If you’re not in one of those states, the easiest way to find out whether you may owe Medicare Part B excess charges is to ask your doctors whether they accept assignment. If they do, you’re in the clear.

You can also use the Physician Compare tool at Medicare.gov to look up whether any doctor in the country takes Medicare, as well as whether he or she accepts Medicare-approved payment amounts.

How Medigap plans can help with the excess 

If you end up seeing a non-participating doctor, you can offset your out-of-pocket costs with a Medigap insurance policy, also known as a Medicare Supplement plan.

These plans, which are offered by private insurers, come in 10 varieties and are standardized across most states (excluding Massachusetts, Minnesota, and Wisconsin). 

So the coverage you get with any Medigap F policy, for example, will be identical to what you’d get with any other, although your monthly premium could vary by provider. (That premium, which is charged by the insurance company, is on top of the Medicare Part B premiums you owe.)

It’s important to choose the Medigap option that’s best for your healthcare needs—and your budget

Buying a Medigap plan that covers Medicare Part B excess charges may be a smart idea if you know that your current doctor or hospital doesn’t accept assignment. It may also make sense if you want the flexibility later to see doctors that don’t accept Medicare-approved amounts.

Medicare Supplement plans F and G cover 100% of Part B excess charges. With a Plan F, you’ll pay higher premiums than you would with Plan G, but the plan will also cover the Part B deductible ($183 in 2018). Part F, currently the most popular Medigap plan, is scheduled to be phased out starting in 2020.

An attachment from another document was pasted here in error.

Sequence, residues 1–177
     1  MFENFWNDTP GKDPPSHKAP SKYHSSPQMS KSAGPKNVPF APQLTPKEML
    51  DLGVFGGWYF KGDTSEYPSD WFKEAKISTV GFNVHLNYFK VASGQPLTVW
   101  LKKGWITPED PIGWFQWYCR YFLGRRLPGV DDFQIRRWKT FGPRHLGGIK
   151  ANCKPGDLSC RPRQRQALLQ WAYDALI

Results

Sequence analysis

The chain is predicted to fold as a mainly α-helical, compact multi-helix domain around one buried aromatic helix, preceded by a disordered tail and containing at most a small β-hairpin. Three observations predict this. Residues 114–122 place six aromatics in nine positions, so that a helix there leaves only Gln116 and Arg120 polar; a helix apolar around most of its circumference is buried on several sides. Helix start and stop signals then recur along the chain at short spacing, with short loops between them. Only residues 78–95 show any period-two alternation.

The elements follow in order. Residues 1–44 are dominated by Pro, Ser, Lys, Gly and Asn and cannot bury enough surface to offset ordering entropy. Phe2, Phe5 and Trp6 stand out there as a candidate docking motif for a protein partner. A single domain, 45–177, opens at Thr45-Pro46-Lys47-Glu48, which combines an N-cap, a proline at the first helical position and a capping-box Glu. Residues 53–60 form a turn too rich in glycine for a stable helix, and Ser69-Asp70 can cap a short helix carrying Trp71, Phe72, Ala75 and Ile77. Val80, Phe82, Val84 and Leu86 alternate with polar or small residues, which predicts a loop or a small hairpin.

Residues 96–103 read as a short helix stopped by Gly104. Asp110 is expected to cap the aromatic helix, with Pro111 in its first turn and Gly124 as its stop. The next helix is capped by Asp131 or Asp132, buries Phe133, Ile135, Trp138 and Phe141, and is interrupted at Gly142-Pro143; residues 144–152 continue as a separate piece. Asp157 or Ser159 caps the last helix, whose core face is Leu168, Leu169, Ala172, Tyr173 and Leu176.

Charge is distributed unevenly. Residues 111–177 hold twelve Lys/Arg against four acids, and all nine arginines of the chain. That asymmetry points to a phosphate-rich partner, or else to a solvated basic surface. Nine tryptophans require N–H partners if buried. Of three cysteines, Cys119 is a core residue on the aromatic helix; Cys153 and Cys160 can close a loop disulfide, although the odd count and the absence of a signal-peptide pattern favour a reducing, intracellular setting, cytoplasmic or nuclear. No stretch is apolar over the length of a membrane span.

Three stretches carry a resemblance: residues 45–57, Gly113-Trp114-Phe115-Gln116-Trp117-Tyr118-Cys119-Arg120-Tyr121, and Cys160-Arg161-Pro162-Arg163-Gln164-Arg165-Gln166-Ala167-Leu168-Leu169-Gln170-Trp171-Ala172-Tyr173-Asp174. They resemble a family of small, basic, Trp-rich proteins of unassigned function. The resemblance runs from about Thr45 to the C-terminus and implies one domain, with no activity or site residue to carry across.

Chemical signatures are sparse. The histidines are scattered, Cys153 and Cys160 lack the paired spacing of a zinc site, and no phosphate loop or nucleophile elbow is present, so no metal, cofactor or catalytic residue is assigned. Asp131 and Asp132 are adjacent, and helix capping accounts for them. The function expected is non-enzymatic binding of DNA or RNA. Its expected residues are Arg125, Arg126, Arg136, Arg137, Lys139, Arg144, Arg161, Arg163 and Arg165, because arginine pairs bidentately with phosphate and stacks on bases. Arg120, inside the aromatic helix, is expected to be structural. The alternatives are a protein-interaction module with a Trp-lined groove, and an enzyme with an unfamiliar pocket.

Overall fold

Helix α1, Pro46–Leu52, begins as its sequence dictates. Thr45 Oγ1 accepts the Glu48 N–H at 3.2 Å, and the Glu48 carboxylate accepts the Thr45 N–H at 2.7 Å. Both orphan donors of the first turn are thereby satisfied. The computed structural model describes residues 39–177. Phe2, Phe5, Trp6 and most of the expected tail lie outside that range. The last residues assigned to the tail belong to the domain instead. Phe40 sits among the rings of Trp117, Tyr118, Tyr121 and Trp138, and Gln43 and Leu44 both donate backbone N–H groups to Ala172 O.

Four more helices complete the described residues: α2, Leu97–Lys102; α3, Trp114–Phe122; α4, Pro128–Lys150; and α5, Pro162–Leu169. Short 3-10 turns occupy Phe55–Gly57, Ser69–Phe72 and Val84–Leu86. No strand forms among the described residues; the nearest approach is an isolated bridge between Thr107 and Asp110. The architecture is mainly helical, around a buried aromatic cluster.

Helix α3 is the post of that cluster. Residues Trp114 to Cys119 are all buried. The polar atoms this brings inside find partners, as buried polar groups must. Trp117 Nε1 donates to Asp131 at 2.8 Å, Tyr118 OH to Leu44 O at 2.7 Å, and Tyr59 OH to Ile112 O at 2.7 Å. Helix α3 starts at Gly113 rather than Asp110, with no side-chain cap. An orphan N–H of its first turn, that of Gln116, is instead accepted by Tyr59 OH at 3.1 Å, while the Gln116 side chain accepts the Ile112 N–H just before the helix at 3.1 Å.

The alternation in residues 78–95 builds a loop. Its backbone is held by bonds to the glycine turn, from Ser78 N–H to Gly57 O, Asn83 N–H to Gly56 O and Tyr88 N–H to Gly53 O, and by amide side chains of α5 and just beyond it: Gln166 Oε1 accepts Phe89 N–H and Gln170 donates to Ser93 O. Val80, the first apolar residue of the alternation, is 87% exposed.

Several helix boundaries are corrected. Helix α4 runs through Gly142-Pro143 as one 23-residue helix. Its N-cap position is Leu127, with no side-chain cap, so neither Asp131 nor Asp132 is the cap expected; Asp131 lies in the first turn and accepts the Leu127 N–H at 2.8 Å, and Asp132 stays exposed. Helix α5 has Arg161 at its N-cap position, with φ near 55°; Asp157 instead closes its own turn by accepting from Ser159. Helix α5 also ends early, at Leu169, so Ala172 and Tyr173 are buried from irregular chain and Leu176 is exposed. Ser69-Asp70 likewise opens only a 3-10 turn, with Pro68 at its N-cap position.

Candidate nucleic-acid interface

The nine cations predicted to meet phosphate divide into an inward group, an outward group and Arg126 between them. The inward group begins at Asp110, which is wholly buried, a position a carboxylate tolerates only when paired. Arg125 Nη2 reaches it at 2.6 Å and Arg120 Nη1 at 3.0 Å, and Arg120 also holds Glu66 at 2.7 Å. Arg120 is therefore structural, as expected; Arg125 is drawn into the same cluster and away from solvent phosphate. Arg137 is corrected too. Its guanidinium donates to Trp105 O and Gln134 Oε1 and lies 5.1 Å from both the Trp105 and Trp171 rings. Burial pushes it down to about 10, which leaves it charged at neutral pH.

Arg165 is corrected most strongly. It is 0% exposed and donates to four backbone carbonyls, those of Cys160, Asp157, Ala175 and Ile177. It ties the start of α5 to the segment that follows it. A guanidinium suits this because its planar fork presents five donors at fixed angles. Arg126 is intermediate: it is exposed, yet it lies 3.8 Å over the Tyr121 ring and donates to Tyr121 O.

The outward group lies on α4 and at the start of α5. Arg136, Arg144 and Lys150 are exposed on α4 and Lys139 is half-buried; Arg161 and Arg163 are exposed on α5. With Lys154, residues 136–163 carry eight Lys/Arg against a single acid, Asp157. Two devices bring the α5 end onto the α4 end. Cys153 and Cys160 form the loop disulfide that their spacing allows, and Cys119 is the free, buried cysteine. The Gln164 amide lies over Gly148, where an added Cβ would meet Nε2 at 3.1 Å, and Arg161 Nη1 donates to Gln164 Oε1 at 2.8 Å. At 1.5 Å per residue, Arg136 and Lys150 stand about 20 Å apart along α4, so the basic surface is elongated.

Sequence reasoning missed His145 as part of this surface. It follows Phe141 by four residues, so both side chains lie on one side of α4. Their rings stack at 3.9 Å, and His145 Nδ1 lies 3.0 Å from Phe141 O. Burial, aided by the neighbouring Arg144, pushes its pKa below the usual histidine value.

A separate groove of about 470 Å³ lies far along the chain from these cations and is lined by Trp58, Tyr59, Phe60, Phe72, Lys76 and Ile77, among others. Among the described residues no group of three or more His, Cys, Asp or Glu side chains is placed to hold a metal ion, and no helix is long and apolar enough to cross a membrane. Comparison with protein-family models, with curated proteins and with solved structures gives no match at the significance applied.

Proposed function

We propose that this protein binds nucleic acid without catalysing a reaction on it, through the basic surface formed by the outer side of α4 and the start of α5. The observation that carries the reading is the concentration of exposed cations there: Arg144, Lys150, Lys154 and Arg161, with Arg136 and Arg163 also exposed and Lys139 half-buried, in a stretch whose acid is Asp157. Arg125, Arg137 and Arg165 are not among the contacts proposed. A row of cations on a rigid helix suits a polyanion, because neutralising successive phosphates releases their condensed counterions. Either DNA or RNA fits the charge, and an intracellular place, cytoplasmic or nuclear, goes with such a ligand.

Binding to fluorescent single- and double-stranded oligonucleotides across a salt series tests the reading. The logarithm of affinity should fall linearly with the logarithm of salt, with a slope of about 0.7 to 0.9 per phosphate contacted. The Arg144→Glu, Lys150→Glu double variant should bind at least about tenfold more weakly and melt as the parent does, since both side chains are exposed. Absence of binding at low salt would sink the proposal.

Why else you might want a Medigap policy

Medicare Supplement Plans F and G are just two of the Medigap plans available, and it’s important to choose the option that’s best for your healthcare needs (now and down the road) and your budget. 

Anyone who has Original Medicare (Parts A and B) is eligible to buy a Supplement plan. (You can’t if you opt for a Medicare Advantage plan instead of Original Medicare.)

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Beneficiaries who went without a Medigap plan spent an average of $5,374 on out-of-pocket costs in 2016, according to a study by the Commonwealth Fund, more than twice what those with a Supplement plan spent.

The best time to purchase a Medicare Supplement plan is during your open enrollment period, which is the first six months after you’re both 65 years old and enrolled in Medicare Part B. You can still buy a plan later, but you may have to go through medical underwriting, which could mean higher premiums or having a pre-existing condition not covered.

How to pay your Medicare Part B excess charges

If you don’t have Medigap coverage and see a non-participating doctor, you may owe more money upfront. Doctors who do not accept assignment could bill you in full when you’re treated instead of waiting until after they are reimbursed by Medicare.

Either your doctor’s office will file the Medicare claim on your behalf for the portion covered by Medicare, or you’ll file it yourself with a form CMS 19490S. 

Then you’ll be reimbursed directly from Medicare. If your doctor’s office submits the claim for you, it cannot charge you for doing so.